3. Pick The Right Time To Have The Talk
Though it’s important to tell your parents about the pregnancy on time, it’s also vital to pick a good day and time so your parents are as receptive to the news as possible. Here are few things to consider:
- Try not to be dramatic: If you tell your parents, “I have something incredibly important to tell you guys. Let me know when it’s a good time so we can talk?” then your parents will want to have the conversation at that moment, and you may not be ready. Instead, try to be as calm as you when you tell your parents, “Dad/Mom there’s something I want to talk to you guys about. When is a good time to talk?”
- Pick a time when both of your parents are home: Pick a time when you’ll have your parent full attention not when they’re not planning to go out for dinner, to pick up your sister from school, or to entertain friends later. They should ideally be free after the talk, in other to take the time to allow the news process.
- Pick a time when you know your parents are not stressed: If your parents are usually very stressed or tired due to work, wait until after dinner, when you know they’ve loosened up a bit, to have the conversation. If they seem to always be stressed during the week, you should have a conversation with them on the weekend. A Saturday is likely to work better than a Sunday, because, by Sunday evening, they may already be thinking about their workweek.
- Pick a time that works for you: Though you should pick the best ideal time for your parents, remember to factor in your feelings. Pick a time when you’re not too tired after a long week of school, and when you’re not thinking about a big exam or test the next day.
- If you want a third party to be present, pick a time that works for that person too: If you want any other person to be there since this is a very big decision and you should make sure that the will make the situation more comfortable instead of even more unpleasant.
- Don’t procrastinate: Picking an ideal time will help the conversation go as smoothly as possible, procrastinating the talk for weeks because everyone is too busy and stressed will only make things worse.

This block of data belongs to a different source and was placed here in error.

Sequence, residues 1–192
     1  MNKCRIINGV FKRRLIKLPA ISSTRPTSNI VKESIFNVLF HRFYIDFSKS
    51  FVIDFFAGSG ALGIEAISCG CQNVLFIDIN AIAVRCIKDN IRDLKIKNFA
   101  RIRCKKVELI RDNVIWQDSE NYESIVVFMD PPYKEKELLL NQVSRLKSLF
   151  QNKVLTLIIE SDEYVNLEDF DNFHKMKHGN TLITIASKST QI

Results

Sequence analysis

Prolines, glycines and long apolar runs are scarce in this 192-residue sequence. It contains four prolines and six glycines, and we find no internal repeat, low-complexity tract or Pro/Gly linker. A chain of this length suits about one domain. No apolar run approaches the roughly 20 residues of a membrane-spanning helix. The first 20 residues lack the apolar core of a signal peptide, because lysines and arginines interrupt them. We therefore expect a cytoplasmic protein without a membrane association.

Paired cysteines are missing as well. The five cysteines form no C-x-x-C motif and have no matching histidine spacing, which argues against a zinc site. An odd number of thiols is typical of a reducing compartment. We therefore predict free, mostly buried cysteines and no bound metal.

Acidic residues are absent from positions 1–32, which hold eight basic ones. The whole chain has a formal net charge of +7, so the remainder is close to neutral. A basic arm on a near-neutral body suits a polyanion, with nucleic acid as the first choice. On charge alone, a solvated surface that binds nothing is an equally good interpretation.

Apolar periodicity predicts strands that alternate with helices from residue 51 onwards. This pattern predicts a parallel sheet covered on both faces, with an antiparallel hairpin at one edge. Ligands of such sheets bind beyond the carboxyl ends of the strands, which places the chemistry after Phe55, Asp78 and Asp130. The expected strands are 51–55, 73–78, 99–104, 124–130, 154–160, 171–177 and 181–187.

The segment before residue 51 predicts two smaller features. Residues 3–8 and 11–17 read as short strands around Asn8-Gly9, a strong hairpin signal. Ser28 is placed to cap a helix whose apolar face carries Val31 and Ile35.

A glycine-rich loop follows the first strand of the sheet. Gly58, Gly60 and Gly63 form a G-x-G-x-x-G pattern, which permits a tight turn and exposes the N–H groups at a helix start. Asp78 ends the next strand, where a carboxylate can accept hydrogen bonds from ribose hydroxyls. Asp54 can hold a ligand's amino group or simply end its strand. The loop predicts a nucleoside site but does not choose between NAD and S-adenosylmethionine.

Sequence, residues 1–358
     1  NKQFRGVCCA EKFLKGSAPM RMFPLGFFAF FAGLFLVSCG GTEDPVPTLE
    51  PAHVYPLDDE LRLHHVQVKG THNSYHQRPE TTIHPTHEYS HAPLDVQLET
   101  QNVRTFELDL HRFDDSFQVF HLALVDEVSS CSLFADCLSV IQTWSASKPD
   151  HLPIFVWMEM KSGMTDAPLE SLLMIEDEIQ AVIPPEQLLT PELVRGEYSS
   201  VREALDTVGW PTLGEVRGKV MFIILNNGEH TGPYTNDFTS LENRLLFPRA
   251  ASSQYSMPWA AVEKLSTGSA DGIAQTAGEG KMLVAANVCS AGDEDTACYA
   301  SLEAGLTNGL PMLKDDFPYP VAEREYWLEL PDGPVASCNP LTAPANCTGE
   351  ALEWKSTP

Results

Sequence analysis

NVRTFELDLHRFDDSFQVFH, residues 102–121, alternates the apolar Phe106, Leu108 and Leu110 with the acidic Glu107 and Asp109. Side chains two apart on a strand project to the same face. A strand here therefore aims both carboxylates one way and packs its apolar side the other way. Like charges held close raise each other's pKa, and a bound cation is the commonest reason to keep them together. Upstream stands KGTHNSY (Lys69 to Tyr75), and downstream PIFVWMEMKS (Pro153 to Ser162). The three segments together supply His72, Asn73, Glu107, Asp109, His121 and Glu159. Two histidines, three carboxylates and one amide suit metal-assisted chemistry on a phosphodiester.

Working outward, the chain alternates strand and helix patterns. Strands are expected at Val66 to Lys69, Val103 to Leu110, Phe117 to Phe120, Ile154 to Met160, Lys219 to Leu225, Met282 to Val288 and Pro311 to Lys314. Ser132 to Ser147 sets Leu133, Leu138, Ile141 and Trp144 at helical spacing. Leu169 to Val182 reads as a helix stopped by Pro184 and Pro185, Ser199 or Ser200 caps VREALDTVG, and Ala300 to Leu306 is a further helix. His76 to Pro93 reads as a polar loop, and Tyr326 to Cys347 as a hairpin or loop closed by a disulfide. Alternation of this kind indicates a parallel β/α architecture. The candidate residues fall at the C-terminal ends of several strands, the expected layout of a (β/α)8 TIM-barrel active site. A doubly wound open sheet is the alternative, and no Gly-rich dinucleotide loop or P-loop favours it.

4. Discuss The Next Step
Now that you’re parents are aware, you’ll have some important decisions to make. Talking decisions over with other people as well can help. Sometimes parents including your boyfriend’s parents, a close relative can offer a new angle or ideas.
Whatever choice you make, it needs to be what you want, and not the other way round. That’s especially true if you’re worried most of the child-raising will fall to you. It’s a difficult task.
Becoming a teen parent can have huge effects on your education, job, and financial future and often your boyfriend’s too. A lot of teen pregnancies end with the birth of the baby. Some teens choose to keep the baby.
Discussing your options is not all that easy, especially if none of them is what you had in mind. Some families always run to a counselor to talk about this complicated situation in a way that lets everyone be respected and heard.
Read Also: How To Hide A Pregnancy For 9 Months
It takes more than one conversation to talk to a parent about pregnancy. Presumably, in the coming months, you’ll have many different feelings altogether.
Sometimes, you might feel surprised. On other occasions, you may be scared or worried. You may feel sad, depressed, or angry at yourself. At times, you might also feel excited, cheerful, and happy.
Some days you might be ready for the day’s activities. Other days, you may feel listless, unprepared, and confused. You’ll have different emotions to go through and it will take time. It helps if you can share all these thoughts and feelings with a parent.
Read Also: How To Discreetly Buy A Pregnancy Test
Be mindful that to some parents, the news that you’re pregnant will feel like a terrible crisis. Depending on their church beliefs, cultural values, or personalities, parents might feel embarrassed, ashamed, or guilty. They might feel angry and look for someone to blame.
Some parents may scream, yell, and use putdowns. In some situations, anger can get out of control. You know your parent and you know your circumstance.
If you need to tell your parents you’re pregnant but think they might react in a bad way that might hurt you, it’s best advised to go with someone when you want to tell them.
If you’re worried about your safety, get advice. A teen health clinic, like Planned Parenthood, or a teen pregnancy hotline can be your guide and steer you toward the things you need.
Of course, not all parents will react with extreme anger. What you should keep in mind is that every parent is different and you know yours best.
Read Also: Safety Tips Every Child Should Know
In The End
I hope this write-up has given an in-depth discussion to answer the question, how to tell your parents your pregnant.
Your parents should have your back no matter what and opening up to them, whenever you can, is a good way to sort through the many feelings and issues that come up.
Your parents can help support your choices and also help you make important decisions. They’re your source of guidance and encouragement.
Sometimes difficult situations can bring people/families together and strengthens their relationship. Sometimes, however, a tough unexpected situation can help a family discover unconditional love, support, kindness, forgiveness, acceptance, unity, and hope in the end.